This 67-minute special arrives on one DVD, in a standard keepcase. The disc features an animated, anamorphic-widescreen main menu with options to watch the special, select chapters and check out extras. Audio options include English Dolby Digital 5.1 and 2.0 tracks, but there are no subtitles, though closed captioning is included.
The anamorphic widescreen transfer on this disc is quiet lovely, offering Miller's skintone appropriately, along with the cool blue of the set design, while presenting a good amount of fine detail, capturing his facial antics quite well. Unlike many stand-up releases, there seems to be no loss in quality from angle to angle, and there are no problems with dirt or damage and no noticeable digital artifacts.
Like the best stand-up DVDs, the surround mix puts you right in the midst of the performance, with Miller standing front and center, while the crowd gets the side and rear speakers to react in. There's nothing in terms of a dynamic mix, but the separation between the channels is solid, and captures the comedy concert feel well and without distortion.
There are a few extras here, which is always appreciated on a stand-up DVD. Up first is a trio of bits cut from the special, one of which is labeled as "A Work in Progress." While that one is actually a bit too long for the feel of the show, they'd all fit into the special if judged on tone, and they are pretty funny. They are followed by a pair of short films starring Miller, The Building Blocks of a Great Day and The Stoop. They are right in Miller's wheelhouse, featuring whacked-out comedy, though The Stoop is a touch more entertaining, if only because it's better structured, with the other film coming off like a cut Ali G. bit.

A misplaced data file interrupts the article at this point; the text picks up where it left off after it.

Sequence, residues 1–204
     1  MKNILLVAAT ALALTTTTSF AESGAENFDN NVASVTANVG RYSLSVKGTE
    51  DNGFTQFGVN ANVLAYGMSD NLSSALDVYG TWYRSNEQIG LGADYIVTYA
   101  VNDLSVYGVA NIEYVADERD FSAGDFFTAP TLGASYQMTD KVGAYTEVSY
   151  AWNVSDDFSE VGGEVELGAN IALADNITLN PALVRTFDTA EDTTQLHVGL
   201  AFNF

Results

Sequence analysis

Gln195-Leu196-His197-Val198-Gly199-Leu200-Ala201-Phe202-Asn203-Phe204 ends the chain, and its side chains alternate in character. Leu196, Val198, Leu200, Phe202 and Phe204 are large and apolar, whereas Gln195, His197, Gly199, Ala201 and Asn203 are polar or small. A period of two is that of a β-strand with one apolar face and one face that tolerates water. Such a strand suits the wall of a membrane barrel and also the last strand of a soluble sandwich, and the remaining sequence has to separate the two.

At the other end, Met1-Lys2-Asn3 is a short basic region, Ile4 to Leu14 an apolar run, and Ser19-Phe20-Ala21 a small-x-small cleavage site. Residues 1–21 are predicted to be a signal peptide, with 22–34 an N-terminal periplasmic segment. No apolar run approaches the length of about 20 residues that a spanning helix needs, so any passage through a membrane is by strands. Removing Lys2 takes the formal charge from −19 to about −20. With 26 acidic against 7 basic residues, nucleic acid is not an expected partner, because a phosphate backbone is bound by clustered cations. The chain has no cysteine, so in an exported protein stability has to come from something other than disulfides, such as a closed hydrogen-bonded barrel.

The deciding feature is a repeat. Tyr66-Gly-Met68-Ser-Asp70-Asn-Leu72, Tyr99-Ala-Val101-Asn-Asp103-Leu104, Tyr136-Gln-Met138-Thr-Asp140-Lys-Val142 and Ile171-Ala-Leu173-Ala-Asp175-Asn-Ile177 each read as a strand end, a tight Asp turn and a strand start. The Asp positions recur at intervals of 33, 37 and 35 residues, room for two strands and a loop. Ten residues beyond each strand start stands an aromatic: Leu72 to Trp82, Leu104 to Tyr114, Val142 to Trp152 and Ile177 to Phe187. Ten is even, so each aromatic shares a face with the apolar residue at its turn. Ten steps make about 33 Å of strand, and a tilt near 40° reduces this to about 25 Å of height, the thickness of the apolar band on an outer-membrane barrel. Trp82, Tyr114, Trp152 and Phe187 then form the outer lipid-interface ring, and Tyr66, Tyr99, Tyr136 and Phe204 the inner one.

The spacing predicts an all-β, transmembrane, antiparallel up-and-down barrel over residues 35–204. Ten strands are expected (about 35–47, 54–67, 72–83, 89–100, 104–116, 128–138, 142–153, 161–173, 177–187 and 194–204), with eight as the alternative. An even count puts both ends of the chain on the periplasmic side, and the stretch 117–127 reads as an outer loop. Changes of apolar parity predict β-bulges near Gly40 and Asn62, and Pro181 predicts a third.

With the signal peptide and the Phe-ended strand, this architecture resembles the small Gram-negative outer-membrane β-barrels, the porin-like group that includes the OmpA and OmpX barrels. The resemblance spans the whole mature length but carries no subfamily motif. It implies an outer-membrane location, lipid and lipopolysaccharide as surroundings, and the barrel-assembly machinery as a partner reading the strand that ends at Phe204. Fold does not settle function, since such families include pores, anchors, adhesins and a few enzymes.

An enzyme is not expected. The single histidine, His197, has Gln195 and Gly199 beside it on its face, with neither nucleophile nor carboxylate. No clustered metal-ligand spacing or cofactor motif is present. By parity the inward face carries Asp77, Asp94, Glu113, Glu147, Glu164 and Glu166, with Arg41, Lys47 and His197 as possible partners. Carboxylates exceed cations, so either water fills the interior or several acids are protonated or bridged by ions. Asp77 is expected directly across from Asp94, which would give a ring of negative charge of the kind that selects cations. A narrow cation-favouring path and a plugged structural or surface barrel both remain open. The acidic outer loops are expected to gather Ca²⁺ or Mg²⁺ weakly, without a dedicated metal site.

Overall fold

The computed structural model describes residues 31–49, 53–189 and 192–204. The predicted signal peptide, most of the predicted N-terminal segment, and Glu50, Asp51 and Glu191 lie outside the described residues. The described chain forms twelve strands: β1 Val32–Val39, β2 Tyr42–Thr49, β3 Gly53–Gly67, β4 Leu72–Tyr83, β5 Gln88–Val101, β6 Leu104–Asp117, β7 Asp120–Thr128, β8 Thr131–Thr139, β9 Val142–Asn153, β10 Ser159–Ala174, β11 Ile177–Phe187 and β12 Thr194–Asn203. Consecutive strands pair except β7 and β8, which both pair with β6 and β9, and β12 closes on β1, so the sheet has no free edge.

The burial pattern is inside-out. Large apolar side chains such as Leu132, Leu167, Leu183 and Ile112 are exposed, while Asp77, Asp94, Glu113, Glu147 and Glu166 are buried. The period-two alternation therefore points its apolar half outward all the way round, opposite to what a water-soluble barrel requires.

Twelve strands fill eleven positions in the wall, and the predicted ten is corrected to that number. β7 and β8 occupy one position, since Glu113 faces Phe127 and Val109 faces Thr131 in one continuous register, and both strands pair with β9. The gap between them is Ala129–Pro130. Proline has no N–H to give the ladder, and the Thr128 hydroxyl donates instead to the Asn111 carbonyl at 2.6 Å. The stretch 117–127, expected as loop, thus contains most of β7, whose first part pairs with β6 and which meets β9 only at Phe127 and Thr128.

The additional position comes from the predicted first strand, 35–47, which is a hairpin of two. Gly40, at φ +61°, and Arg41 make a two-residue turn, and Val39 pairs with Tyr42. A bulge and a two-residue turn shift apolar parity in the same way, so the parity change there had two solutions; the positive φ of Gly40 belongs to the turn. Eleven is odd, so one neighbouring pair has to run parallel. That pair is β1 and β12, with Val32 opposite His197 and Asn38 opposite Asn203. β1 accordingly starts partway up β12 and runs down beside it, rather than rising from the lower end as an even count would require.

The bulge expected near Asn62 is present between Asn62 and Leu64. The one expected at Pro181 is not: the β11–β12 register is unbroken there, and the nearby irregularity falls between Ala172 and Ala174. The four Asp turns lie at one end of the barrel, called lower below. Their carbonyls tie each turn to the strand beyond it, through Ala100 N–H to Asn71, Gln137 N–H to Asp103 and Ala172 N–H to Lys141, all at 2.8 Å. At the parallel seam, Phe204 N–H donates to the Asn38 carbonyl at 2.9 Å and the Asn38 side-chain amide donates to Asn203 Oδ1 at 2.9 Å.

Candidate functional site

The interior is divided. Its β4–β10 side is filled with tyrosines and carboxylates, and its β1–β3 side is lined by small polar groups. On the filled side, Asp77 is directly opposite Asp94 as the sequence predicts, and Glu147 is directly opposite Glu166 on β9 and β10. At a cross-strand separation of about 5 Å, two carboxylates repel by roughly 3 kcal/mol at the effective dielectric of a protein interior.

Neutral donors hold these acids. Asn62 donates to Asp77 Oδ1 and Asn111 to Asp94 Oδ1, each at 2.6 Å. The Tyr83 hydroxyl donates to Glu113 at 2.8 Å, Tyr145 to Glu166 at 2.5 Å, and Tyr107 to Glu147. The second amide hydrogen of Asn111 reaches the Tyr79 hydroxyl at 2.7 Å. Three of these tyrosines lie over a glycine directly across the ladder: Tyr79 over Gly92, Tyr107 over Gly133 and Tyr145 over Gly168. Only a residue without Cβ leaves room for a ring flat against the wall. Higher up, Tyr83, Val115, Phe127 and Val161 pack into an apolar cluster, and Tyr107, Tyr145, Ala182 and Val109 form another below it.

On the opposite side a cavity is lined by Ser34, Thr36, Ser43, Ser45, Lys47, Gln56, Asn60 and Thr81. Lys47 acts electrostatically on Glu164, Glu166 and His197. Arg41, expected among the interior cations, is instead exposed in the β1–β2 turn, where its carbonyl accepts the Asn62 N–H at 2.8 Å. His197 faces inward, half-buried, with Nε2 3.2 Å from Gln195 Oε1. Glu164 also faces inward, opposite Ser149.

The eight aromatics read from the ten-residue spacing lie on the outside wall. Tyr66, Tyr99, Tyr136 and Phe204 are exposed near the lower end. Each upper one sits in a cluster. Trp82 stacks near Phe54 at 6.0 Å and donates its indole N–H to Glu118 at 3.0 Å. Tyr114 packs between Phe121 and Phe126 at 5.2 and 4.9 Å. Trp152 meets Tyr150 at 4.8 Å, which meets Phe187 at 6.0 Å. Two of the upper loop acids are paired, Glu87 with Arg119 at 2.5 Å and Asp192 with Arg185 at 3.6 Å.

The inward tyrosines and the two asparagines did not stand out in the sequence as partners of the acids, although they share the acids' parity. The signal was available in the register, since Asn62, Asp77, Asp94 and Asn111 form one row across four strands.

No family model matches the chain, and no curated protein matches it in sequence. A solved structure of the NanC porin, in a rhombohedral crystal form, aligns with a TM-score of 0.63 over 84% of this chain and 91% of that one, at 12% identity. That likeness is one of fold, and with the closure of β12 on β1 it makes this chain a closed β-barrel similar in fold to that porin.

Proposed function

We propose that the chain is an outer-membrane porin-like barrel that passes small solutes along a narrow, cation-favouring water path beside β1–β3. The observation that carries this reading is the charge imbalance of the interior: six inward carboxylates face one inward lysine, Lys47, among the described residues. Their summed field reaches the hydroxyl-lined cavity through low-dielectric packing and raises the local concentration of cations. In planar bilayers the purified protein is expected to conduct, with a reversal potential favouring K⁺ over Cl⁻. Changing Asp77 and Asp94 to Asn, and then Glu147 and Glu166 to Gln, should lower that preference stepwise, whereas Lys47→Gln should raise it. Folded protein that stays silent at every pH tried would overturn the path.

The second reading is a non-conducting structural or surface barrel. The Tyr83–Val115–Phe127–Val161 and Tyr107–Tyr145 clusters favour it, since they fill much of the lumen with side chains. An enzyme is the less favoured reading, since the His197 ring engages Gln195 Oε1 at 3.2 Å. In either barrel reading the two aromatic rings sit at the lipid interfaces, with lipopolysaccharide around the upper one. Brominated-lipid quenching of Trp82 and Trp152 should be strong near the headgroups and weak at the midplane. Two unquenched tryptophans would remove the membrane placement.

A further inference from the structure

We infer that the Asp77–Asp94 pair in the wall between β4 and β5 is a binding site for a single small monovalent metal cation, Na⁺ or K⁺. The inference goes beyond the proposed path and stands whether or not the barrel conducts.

The Bottom Line
I fully admit, I'm not quite sure what to make of one Mr. TJ Miller. All over the place in terms of subject matter, awkward, manic and calculated, all at the same time, but most importantly, able to draw some real laughs with his scattershot comedy. The DVD looks and sounds excellent, and throws in a decent amount of extras for a stand-up release, which makes it one I would certainly recommend, especially for those with short attention spans, as he's never doing the same bit for very long.
Francis Rizzo III is a native Long Islander, where he works in academia. In his spare time, he enjoys watching hockey, writing and spending time with his wife, daughter and puppy.Check out 1106 - A Moment in Fictional Time or his convention blog called Conning Fellow
*The Reviewer's Bias section is an attempt to help readers use the review to its best effect. By knowing where the reviewer's biases lie on the film's subject matter, one can read the review with the right mindset.